Water requirement and its trend for rice and wheat crops in Haryana State, India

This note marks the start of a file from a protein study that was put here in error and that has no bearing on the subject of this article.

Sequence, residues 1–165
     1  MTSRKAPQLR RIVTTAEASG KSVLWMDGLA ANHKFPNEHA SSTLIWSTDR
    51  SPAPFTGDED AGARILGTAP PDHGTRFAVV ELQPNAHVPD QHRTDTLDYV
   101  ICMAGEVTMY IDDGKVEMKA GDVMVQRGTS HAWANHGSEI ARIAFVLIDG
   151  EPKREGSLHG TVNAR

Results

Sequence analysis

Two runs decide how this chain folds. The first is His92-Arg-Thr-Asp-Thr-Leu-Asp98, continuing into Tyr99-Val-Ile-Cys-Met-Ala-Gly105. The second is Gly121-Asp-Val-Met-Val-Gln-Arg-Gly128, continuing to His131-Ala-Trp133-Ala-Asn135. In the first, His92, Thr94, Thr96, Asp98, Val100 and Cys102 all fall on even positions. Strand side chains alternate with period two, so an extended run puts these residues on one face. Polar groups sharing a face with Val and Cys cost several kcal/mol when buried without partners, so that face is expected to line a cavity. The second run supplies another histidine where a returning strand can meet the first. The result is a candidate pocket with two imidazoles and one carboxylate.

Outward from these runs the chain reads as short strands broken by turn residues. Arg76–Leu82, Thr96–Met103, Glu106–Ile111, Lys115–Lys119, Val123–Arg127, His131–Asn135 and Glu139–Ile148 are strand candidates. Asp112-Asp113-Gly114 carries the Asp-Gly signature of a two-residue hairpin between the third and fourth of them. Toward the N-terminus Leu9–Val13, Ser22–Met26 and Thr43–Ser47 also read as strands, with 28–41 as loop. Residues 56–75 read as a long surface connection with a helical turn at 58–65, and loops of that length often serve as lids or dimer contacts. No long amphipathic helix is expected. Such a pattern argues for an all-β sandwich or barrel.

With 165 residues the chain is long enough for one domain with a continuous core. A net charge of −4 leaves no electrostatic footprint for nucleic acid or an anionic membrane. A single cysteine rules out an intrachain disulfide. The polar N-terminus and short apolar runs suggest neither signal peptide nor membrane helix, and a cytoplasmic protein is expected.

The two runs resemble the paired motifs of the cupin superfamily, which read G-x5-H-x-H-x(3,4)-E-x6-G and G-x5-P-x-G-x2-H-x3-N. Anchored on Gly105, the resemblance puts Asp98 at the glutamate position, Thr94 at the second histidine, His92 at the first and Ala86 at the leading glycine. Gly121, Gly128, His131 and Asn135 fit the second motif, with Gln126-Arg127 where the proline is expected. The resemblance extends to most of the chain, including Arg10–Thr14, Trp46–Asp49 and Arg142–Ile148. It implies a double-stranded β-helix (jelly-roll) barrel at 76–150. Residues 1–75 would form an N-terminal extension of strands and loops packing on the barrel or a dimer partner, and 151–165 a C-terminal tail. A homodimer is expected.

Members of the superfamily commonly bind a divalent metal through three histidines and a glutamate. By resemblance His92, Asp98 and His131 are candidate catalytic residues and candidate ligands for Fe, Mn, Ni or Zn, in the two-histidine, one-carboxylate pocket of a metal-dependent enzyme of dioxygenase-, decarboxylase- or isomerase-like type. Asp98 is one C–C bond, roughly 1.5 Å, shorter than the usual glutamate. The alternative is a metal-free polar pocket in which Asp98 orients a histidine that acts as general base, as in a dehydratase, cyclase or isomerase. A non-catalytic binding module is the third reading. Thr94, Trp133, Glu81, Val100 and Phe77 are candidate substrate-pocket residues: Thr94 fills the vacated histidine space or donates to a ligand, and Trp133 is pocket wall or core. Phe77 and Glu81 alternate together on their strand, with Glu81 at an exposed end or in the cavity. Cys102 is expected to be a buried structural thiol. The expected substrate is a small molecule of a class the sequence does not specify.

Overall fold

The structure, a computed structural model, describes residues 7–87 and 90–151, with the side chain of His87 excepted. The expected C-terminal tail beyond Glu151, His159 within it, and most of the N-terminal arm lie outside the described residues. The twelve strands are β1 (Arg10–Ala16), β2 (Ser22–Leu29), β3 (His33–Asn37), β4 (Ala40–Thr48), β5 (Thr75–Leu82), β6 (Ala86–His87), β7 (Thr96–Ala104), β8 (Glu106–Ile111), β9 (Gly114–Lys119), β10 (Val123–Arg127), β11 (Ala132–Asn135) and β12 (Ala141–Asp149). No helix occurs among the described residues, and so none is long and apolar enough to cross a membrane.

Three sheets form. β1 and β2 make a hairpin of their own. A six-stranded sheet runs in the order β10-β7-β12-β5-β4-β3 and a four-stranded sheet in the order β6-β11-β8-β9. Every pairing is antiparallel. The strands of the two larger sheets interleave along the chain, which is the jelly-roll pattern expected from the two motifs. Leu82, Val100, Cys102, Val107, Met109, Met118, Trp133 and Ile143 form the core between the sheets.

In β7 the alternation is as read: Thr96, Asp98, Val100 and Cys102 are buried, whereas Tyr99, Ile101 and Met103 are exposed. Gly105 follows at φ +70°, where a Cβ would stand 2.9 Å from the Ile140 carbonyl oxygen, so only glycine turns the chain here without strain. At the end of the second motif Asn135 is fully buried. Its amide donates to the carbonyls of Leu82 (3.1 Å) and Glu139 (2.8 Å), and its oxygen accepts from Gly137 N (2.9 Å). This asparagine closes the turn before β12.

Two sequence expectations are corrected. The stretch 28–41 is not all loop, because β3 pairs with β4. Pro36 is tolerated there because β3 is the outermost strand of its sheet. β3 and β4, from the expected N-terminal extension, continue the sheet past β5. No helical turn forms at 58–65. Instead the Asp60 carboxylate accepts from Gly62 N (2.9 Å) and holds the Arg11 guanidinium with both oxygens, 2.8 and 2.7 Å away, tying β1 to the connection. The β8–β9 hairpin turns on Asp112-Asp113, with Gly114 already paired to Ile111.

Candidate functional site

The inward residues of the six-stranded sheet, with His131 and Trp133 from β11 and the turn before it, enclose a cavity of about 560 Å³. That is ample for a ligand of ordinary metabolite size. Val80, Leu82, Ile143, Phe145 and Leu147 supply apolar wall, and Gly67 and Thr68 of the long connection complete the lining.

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Int.J.Curr.Microbiol.App.Sci (2021) 10(02): 203-209 International Journal of Current Microbiology and Applied Sciences ISSN: 2319-7706 Volume 10 Number 02 (2021) Journal homepage: http://www.ijcmas.com Original Research Article https://doi.org/10.20546/ijcmas.2021.1002.025 Water Requirement and its Trend for Rice and Wheat Crops in Haryana State, India Shaloo*, Himani Bisht, A. Sarangi, V. K. Prajapati, A. K. Mishra and Man Singh ICAR- Indian Agricultural Research Institute, New Delhi, India *Corresponding author ABSTRACT Keywords Penman-Monteith, Reference crop evapotranspiration, Crop water requirement, Crop coefficient Article Info Accepted: 12 October 2020 Available Online: 10 February 2021 Estimation of crop water requirement is essential for agricultural planning and irrigation scheduling. The aim of this study was to compute the water requirement of wheat and rice crops for all districts of Haryana. Climatic data on maximum and minimum temperature, rainfall, relative humidity, wind speed and solar radiation were used to estimate the reference evapotranspiration (ET o) at different gridded locations by using Penman Monteith method in MATLAB software. Further, the actual evapotranspiration for rice crop grown in the region was estimated by multiplying the ET o with crop coefficient (Kc) values. Subsequently, the effective rainfall and the irrigation water requirement for wheat and rice crops at gridded points pertaining to different districts of Haryana were estimated. Thereafter the trend analysis was performed by using non parametric Mann Kendall test by using MATLAB software. Results indicated that water requirement (ETC) of wheat was increasing significantly for eleven districts viz. Ambala, Bhiwani, Fatehabad, Hisar, Jind, Kurukshetra, Mahendargarh, Panchkula, Panipat, Sonipat and Yamunagar while in case of rice crop it was increasing significantly only for eight districts viz. Bhiwani, Fatehabad, Hisar, Sirsa, Jind, Kurukshetra, Panipat and Sonipat. This work can help in water management practices for better irrigation management. for crop water management.Crop water requirement refers to the amount of water needed to compensate for the evapotranspiration loss from the field crop (Allen et al., 1998). Supit et al., (2010) analyzed trends for water demand, consumption, and deficit in field crops throughout Europe. Pakhale et al., (2010) estimated the crop water requirement for wheat crop in Karnal district of Haryana and observed that wheat water requirement was higher in the vegetative and mid-season stage and shows decreasing trend towards the Introduction In India, decreasing water availability is one of the major problems over last few decades that could severely restrict agricultural development. Knowledge of the exact amount of water required by different crops in a given set of climatic conditions of a region is important for planning of irrigation schemes that requires accurate estimation of crop water requirement. Remote Sensing (RS) and Geographical Information System (GIS) techniques have emerged as powerful tools 203 Int.J.Curr.Microbiol.App.Sci (2021) 10(02): 203-209 maturity stage. In the study area it was found that irrigation water requirement highly correlated with crop water requirement due to absence of monsoon in rabi season (November to March).Singh et al., (2010) reported that improper irrigation water management would make the rice-wheat cropping system of Haryana unsustainable with dwindling quantity and deteriorating quality of the ground water resources in the region. Singh et al., (2013) estimated crop evapotranspiration for Cotton crop in Sirsa district of Haryana and reported that the spatial distribution of seasonal ETc. varied between 317 to 534 mm for growing season of cotton depending upon sowing date and other condition. Vibhuteet al., (2016) developed Crop Water Demand Based Water Delivery Schedule for a canal command for the Jhajjar distributary of western Yamuna canal command in Haryana, India and observed that the gross irrigation water requirement of wheat was 363.4 mm and that of rice was 1386 mm with effective rainfall depths of 55.8 and 461.8 mm during the wheat (rabi) and rice (kharif) growing seasons, respectively. Khandelwal and Dhiman (2017) estimated Net Irrigation using modified Penmen method compared to crop water requirement calculated using Duty Delta method. Tezera et al., (2019) reported that the seasonal ETc was found to be 52.2mm, 97.1mm, 191.5mm and 73.2mm of water calculated for initial, crop development, mid-season, and late-season stages, respectively. The measured crop coefficient (Kc) values were 0.54, 1.15 and 0.67 for the initial, mid and late stages, respectively. Some of the Kc values found slightly different from the average of FAO estimation. Requirement of different crops of Limbasi Canal command area, Gujarat and reported that estimated average NIR of 19 years for kharif crops paddy &vegetables was 229.8 & 92.9mm and for rabi crops sorghum, tobacco, wheat & vegetables was 355.5, 391, 427.2 & 407.1mm and hot weather crops paddy, pearl millet & vegetables was 863.9, 600.6 & 754.7 mm respectively. The Penman-Monteith method, which is recommended by FAO, has been widely used to calculate ETo in recent years (Cai et al., 2007; Yin et al., 2008).Yadav et al., (2019) calculated crop water requirement using Modified Penman Equation and Duty Delta method for present cropping pattern and reported that, approximately 50% of water could be saved Study area Data on evapotranspiration is a fundamental requirement for develop in gannual irrigation plans and estimating the amount of water used in agricultural environments (Kuo et al., 2011). Because most of the available water resources are used in agriculture, an accurate estimation of crop evapotranspiration helps in the efficient management of the limited water resources by irrigation associations(Cai et al., 2007; Lovelli et al., 2008).With the above background the aim of this study was to assess crop water requirement for wheat and rice crops in Haryana. Materials and Methods State is situated in the north western part of India, between 27º39' to 30º55.5' N latitude and 74º27.8' to 77º36.5' E longitude. Total area of the state is 44212 km2 which constitutes about 1.35% of total geographical area of the country. The height above mean sea level is generally 200 to 300 m in about 90% of the area, which rises to 450 m in southern part with Aravalli hills and more than 1000 m in north eastern parts with Siwalik Hills. Temperature regime over the entire state area is hypothermic as the mean annual, mean summer and mean winter air temperatures are 26.3ºC, 33.3ºC and 16.2ºC, respectively. 204 Int.J.Curr.Microbiol.App.Sci (2021) 10(02): 203-209 product of ETo multiplied by the crop coefficient.Crop coefficient values of wheat and rice are shown in Fig.1. Data acquisition Gridded climatic data (1° x 1°) on maximum and minimum temperature, rainfall, relative humidity, wind speed and solar radiation downloaded for a period from 1st January 1985 to 31stDecember 2015 from secondary sources of NASA Climatology Resources for Agro-climatology. Available climatic parameters were further used to estimate the reference evapotranspiration (ETo) at different gridded locations by using Penman Monteith method in MATLAB software. CWR = Kc * ETo Results and Discussion Crop water requirement of rice and wheat crops were estimated and spatial variability maps were developed for the year 1990, 1995, 2000, 2005,2010 and 2015 using the GIS software ArcMap10.1. Trend analysis was performed by using non parametric Mann Kendall test by using MATLAB software. Further, the actual evapotranspiration for wheat and rice crop grown in the region was estimated by multiplying the ET0 with crop coefficient (Kc) values. Thereafter the trend analysis was performed by using non parametric Mann Kendall test by using MATLAB software. The Penman-Monteith equation used for estimation of reference evapotranspiration (ETo)is given by: Crop water requirement of wheat and rice The result indicated that water requirement (ETC) of wheat was increasing significantly for eleven districts viz. Ambala( Sen’s slope 2.77), Bhiwani (Sen’s slope 3.08), Fatehabad (Sen’s slope 3.26), Hisar(Sen’s slope 3.24), Jind(Sen’s slope 2.51), Kurukshetra(Sen’s slope 2.50), Mahendargarh (Sen’s slope 2.16) , Panchkula (Sen’s slope 3.09) , Panipat(Sen’s slope 2.14), Sonipat(Sen’s slope 2.51)and Yamunagar (Sen’s slope 3.35) but for other remaining districts no significant trend was observed (Table 1).The crop water requirement for Ambala, Fatehabd, Panchkula and Yamunanagar was found less than 500 mm and only for Faridabad it was observed higher which was found between the range 550-600 mm and for other remaining five districts it was noticed between the ranges 500-550 mm in the year 1990. During the year 2000 Yamunanagr was the only district which was observed with the crop water requirement less than 500 mm. Mahendargarh and Faridabad were found between the range 550-600 mm and the other remaining eight districts were observed between the range 500-550 mm. Where ETo =reference evapotranspiration [mm day-1] Rn = net radiation at the crop surface [MJ m-2 day-1] G= soil heat flux density [MJ m-2 day-1] T=mean daily air temperature at 2 m height [°C] u2 = wind speed at 2 m height [m s-1] es = saturation vapour pressure [kPa] ea = actual vapour pressure [kPa] [es – ea] = saturation vapour pressure deficit [kPa] Δ= slope vapour pressure curve [kPa °C-1] γ = psychrometric constant [kPa °C-1] Crop water requirement is estimated from the 205 Int.J.Curr.Microbiol.App.Sci (2021) 10(02): 203-209 Table.1 Trend test statistics and interpretation of crop water requirement of wheat Mann-Kendall test Districts Name Kendall's tau Ambala 0.25 Bhiwani 0.24 Fatehabad 0.33 Hisar 0.33 Kaithal 0.24 Karnal 0.24 Rohtak 0.22 Palwal 0.08 Sirsa 0.27 Faridabad 0.09 Gurgaon 0.23 Jhajjar 0.20 Jind 0.27 Kurukshetra 0.27 Mahendergarh 0.26 Panchkula 0.28 Panipat 0.25 Rewari 0.14 Sonipat 0.27 Yamunanagar 0.33 *S-significant NS-not significant p-value (Two-tailed) Sen's slope 0.04 0.05 0.00 0.00 0.06 0.06 0.08 0.54 0.03 0.49 0.07 0.16 0.03 0.03 0.04 0.03 0.06 0.34 0.03 0.01 2.77 3.08 3.26 3.24 2.18 2.18 1.89 0.68 3.33 0.73 1.94 1.65 2.51 2.50 2.16 3.09 2.14 1.05 2.51 3.35 Test interpretation Trend increasing Trend increasing Trend increasing Trend increasing Trend increasing Trend increasing Trend increasing Trend increasing Trend increasing Trend increasing Trend increasing Trend increasing Trend increasing Trend increasing Trend increasing Trend increasing Trend increasing Trend increasing Trend increasing Trend increasing Significance S S S S NS NS NS NS NS NS NS NS S S S S S NS S S Table.2 Trend test statistics and interpretation of crop water requirement of rice Districts Name Ambala Bhiwani Fatehabad Hisar Kaithal Karnal Rohtak Palwal Sirsa Faridabad Gurgaon Jhajjar Jind Kurukshetra Mahendergarh Panchkula Panipat Rewari Sonipat Yamunanagar Kendall's tau 0.11 0.32 0.34 0.34 0.23 0.23 0.21 0.14 0.38 0.17 0.24 0.24 0.26 0.25 0.24 0.12 0.26 0.24 0.26 0.11 Mann-Kendall test p-value (Two-tailed) Sen's slope 0.37 2.34 0.01 7.64 0.008 7.05 0.008 7.04 0.06 4.81 0.06 4.81 0.09 3.84 0.25 2.91 0.003 10.96 0.19 3.70 0.06 4.55 0.06 4.55 0.04 5.43 0.05 4.63 0.06 4.53 0.34 2.94 0.04 5.43 0.06 4.55 0.04 5.43 0.40 1.84 206 Test interpretation Trend increasing Trend increasing Trend increasing Trend increasing Trend increasing Trend increasing Trend increasing Trend increasing Trend increasing Trend increasing Trend increasing Trend increasing Trend increasing Trend increasing Trend increasing Trend increasing Trend increasing Trend increasing Trend increasing Trend increasing Significance NS S S S NS NS NS NS S NS NS NS S S NS NS S NS S NS Int.J.Curr.Microbiol.App.Sci (2021) 10(02): 203-209 Fig.1 Crop coefficient values of wheat and rice Fig.2 Spatial variation of crop water requirement of wheat Fig.3 Spatial variation of crop water requirement of rice 207 Int.J.Curr.Microbiol.App.Sci (2021) 10(02): 203-209 In the year 2010 only Bhiwani was the only district which was found more than 600 mm and the other remaining districts were found between the range 550-600 mm. Among all eleven districts crop water requirement for Panchkula, Ambala, Bhiwani and Faridabad were observed more than 600 mm and the remaining districts were found between the range 550-600 mm during 2015 as shown in Fig.2. Acknowledgement Authors are thankful to NASA Climatology Resources for Agroclimatology their services of free climatic data availability. References Ajay Singh, Peter Krause, Sudhindra N. Panda and Wolfgang-Albert Flugel. 2010. Rising water table: A threat to sustainable agriculture in an irrigated semi-arid region of Haryana, India. Agric. Water Manage., 97, pp.1443– 1451. Allen R G, Pereira L S, Raes D, Smith M. 1998. Crop Evapotranspiration: Guidelines for Computing Crop Water Requirements, FAO Irrigation and Drainage Paper 56. U.N. Food and Agriculture Organization (FAO), Rome. pp. 7-9. Arunkumar Yadav, Hafeezunnisa, Pramod Kumar Kappadi. 2019. Crop Pattern Change and Crop Water Requirement Judgment using Remote Sensing and GIS Techniques: a research on Tungabhadra Dam Right Canal. International Journal of Recent Technology and Engineering (IJRTE) ISSN: 2277-3878, Volume-8, Issue2S3. Cai J B, Liu Y, Lei T W, Pereira L S. 2007. Estimating reference evapotranspiration with the FAO Penman-Monteith equation using daily weather forecast messages. Agricultural and Forest Meteorology, 145, 22-35. Gaurav Pakhale, Prasun Gupta , Jyoti Nale. 2010. Crop And Irrigation Water Requirement Estimation By Remote Sensing And GIS: A Case Study Of Karnal District, Haryana, India. International Journal of Engineering and Technology Vol.2(4),207-211. Ketema Tezera, Gobena Dirirsa, Tilahun Crop water requirement (ETC) of rice was increasing significantly only for eight districts viz. Bhiwani (Sen’s slope 7.6), Fatehabad (Sen’s slope 7.05), Hisar (Sen’s slope 7.04), Sirsa (Sen’s slope 10.9), Jind (Sen’s slope 5.4), Kurukshetra (Sen’s slope 4.6), Panipat (Sen’s slope 5.4) and Sonipat (Sen’s slope 5.4) but for other remaining districts no significant trend was observed (Table.2). The crop water requirement for all eight districts was found between the ranges 700-850 mm during the year 1990. Among all eight districts crop water requirement for Sirsa and Fatehabad was observed more than 1000 mm and the remaining six districts were found between the ranges 850-1000 mm in the year 2000. During the year 2010 ETC was found more than 1000 mm for Sirsa, Fatehabad, Hisar and Bhiwani districts but in the year 2015 more than 1000 mm crop water demand was noticed for all districts (Fig.3) The study shows that the crop water requirement for rice and wheat crops is increasing with the passage of time. The results obtained from the study can be used as a guide by farmers for selecting the amount and frequency of irrigation water for wheat and rice crops. Irrigation requirement will vary based on the availability of rainfall. Therefore, it is further suggested that water saving practices or techniques for water conservation should be adopted for irrigation on rice and wheat crops. 208 Int.J.Curr.Microbiol.App.Sci (2021) 10(02): 203-209 Hordofa. 2019. Determination of Wheat (Triticum aestivum L) Seasonal Water Demand and Crop Coefficient for Effective Irrigation Water Planning and Management in Semi-Arid, Central Rift Valley of Ethiopia. Int J Environ Sci Nat Res; 21(1): 556054. DOI: 10.19080/IJESNR.2019.21.556054. Kuo S F, Chen F W, Liao P Y, Liu C W. (2011). A comparative study on the estimation of evapotranspiration using backpropagation neural network: Penman-Monteith method versus pan evaporation method. Paddy and Water Environment, 9, 413-424. Lovelli S, Perniola M, Arcieri M, Rivelli A R, Tommason T D. (2008). Water use assessment in muskmelon by the Penman-Monteith “one-step” approach. Agricultural Water Management, 95, 1153-1160. Vibhute, S. D., A. Sarangi and D.K. Singh. 2016. Development of Crop Water Demand Based Water Delivery Schedule for a Canal Command. Journal of Agricultural Engineering Vol. 53 (2). pp. 12-23. Khandelwal, S. S. and Dr. S. D. Dhiman. 2017. Estimation of Net Irrigation Requirements of Crops in the Deterministic and Stochastic Regimes for Limbasi Canal Command Area, ICRISET International Conference on Re- search and Innovations in Science, Engineering & Technology. Kalpa Publications in Civil Engineering, vol. 1, pp. 265–272. S.K.Singh, Sujay Dutta and Nishith Dharaiya. 2013. Estimation of Crop Evapotranspiration of Cotton using Remote Sensing Technique. International Journal of Environmental Engineering and Management. ISSN 2231-1319, Volume 4(5), pp. 523-528. Supit I, van Diepen C A, Boogaard H L, Ludwig F, Baruth B. 2010. Trend analysis of the water requirements, consumption and deficit of field crops in Europe. Agricultural and Forest Meteorology, 150, 77-88. Yin Y H, Wu S H, Zheng D, Yang Q Y. 2008. Radiation calibration of FAO56 Penman-Monteith model to estimate reference crop evapotranspiration in China. Agricultural Water Management, 95, 77-84. How to cite this article: Shaloo, Himani Bisht, A. Sarangi, V. K. Prajapati, A. K. Mishra and Man Singh. 2021. Water Requirement and its Trend for Rice and Wheat Crops in Haryana State, India. Int.J.Curr.Microbiol.App.Sci. 10(02): 203-209. doi: https://doi.org/10.20546/ijcmas.2021.1002.025 209